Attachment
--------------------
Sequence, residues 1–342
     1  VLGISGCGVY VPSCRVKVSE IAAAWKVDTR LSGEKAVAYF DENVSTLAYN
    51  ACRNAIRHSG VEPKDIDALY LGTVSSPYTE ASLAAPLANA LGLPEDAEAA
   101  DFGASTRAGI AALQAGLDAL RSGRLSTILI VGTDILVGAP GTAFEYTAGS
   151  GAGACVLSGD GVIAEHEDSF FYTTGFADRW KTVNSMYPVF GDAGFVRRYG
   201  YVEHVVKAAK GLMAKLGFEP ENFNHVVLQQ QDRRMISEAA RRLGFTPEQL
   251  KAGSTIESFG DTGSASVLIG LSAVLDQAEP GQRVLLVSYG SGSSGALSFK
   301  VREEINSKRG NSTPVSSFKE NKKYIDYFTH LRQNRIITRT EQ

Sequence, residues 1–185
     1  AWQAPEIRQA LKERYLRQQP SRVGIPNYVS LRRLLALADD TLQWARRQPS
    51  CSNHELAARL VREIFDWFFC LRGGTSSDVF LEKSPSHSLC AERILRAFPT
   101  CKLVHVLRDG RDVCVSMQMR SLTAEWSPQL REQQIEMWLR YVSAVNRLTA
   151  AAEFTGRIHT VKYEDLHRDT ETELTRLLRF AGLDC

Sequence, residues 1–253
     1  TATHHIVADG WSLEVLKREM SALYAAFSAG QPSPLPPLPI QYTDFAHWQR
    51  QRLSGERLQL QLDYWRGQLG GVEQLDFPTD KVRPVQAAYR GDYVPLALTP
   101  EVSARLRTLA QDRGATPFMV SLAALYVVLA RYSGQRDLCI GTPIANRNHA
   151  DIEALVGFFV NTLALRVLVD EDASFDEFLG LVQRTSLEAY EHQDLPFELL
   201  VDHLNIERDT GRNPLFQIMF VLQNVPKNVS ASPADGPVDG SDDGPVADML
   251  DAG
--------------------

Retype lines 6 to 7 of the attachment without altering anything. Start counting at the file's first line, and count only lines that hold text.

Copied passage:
   201  YVEHVVKAAK GLMAKLGFEP ENFNHVVLQQ QDRRMISEAA RRLGFTPEQL
   251  KAGSTIESFG DTGSASVLIG LSAVLDQAEP GQRVLLVSYG SGSSGALSFK